The task force will recommend priorities that a voter referendum could support, like small class sizes or increasing the number of school counselors. But the MPS Board has already charged forward with new multimillion-dollar commitments that may strain the district’s budget.

Emily Files

An advisory referendum on whether the rural Palmyra-Eagle Area School District should dissolve shows how divided the community is on the issue – and the dramatic difference in opinion between the towns of Palmyra and Eagle.

More than 2,000 residents voted in the election. According to unofficial results, 53% cast ballots in favor of the district shuttering its doors. In the town and village of Palmyra, 73% of voters were against the district dissolving. In the town and village of Eagle, 74% supported dissolution.

Courtesy of MATC

Just 30% of adults in the city of Milwaukee have a college degree. About 22% completed some college, but didn’t graduate. Milwaukee Area Technical College (MATC) is bolstering its outreach to those adults, who might be interested in giving college another shot.

Courtesy UW System

The University of Wisconsin System will soon be searching for a new leader. President Ray Cross announced his retirement Friday after five years on the job and more than 40 years in higher education.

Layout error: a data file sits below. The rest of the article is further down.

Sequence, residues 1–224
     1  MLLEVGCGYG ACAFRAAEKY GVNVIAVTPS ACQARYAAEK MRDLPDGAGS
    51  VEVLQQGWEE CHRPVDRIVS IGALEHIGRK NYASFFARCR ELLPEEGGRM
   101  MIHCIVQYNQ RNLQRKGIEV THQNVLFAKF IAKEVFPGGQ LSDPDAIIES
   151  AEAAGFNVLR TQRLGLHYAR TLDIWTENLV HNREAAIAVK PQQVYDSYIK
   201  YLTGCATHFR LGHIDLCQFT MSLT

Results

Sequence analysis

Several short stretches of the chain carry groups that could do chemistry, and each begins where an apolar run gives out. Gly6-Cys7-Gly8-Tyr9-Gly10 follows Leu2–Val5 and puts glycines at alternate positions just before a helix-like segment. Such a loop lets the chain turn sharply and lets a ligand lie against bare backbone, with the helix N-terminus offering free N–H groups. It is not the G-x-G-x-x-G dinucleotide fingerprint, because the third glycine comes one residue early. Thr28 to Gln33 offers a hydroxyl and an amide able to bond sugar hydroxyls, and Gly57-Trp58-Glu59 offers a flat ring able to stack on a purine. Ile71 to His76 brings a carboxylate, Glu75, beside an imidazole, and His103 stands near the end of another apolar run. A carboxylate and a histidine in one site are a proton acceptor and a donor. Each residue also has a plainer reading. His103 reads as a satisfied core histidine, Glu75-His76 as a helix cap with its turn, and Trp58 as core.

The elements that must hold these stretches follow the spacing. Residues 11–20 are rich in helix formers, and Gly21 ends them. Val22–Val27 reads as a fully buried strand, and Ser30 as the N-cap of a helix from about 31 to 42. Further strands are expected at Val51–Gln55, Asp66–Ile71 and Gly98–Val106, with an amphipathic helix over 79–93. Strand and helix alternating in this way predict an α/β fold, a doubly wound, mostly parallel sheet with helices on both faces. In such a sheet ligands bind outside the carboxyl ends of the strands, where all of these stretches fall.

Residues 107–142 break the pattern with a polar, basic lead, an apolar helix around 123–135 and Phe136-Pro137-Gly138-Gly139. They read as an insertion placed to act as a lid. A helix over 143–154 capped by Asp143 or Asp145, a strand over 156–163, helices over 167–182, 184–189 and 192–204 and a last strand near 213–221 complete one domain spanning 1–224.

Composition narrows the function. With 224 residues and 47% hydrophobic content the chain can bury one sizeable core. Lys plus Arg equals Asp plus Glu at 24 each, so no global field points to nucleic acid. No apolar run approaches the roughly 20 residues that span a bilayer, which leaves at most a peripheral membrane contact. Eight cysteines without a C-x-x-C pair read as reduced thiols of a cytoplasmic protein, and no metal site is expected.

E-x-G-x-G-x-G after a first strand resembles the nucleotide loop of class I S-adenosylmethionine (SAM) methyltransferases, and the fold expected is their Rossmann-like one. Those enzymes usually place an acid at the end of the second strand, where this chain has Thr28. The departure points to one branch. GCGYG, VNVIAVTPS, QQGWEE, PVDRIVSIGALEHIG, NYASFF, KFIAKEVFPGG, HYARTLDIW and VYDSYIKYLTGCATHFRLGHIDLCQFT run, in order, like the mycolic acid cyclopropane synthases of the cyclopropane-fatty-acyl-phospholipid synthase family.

Cross, 71, will stay on as president until the Board of Regents hires a successor.

Alesandra Tejeda

Updated on Oct. 31 at 1:28 p.m. CT

A criminal case is proceeding against Riverside University High School student Eddie Seaberry, 20, who was charged with one count of making terrorist threats.

The criminal complaint against him describes the Facebook post that led to Seaberry's arrest, in which he is allegedly holding a BB gun and threatens to kill people who called him dumb. The police received calls about the post from the Riverside principal and parents of students.

There's a scene in the movie Mean Girls where new student Cady Heron gets a lesson from her friend, Janice Ian, about the social hierarchy of the high school cafeteria.

"Where you sit in the cafeteria is crucial," Janice says. She then maps out the cliques, including preps, jocks and, of course, the "plastics."

The scene is an exaggeration of a common experience: the stress of finding your place in a school cafeteria. But Wisconsin resident Smitha Chintamaneni can't relate.

Courtesy Houghton Mifflin Harcourt

In his new book, The Years That Matter Most: How College Makes or Breaks Us, education writer Paul Tough dismantles the myth of college as a pure meritocracy. Instead, he makes the case that the U.S. higher education system reinforces class and racial inequalities.

Research shows that a college degree, especially from an elite institution, increases one's chances of social mobility. But the people who could most benefit — low-income, first-generation, and black and Hispanic students — often don’t get those opportunities.

Emily Files

Over the next few months, Milwaukee residents washing clothes at laundromats will start to see something different: mini libraries.

A new city office focused on early childhood education is installing reading nooks in places where children tend to have downtime. The goal is to meet families where they are to encourage early literacy.

The first laundromat to participate in the initiative is Riverworks Coin Laundry, on Holton Street in Riverwest.

Pages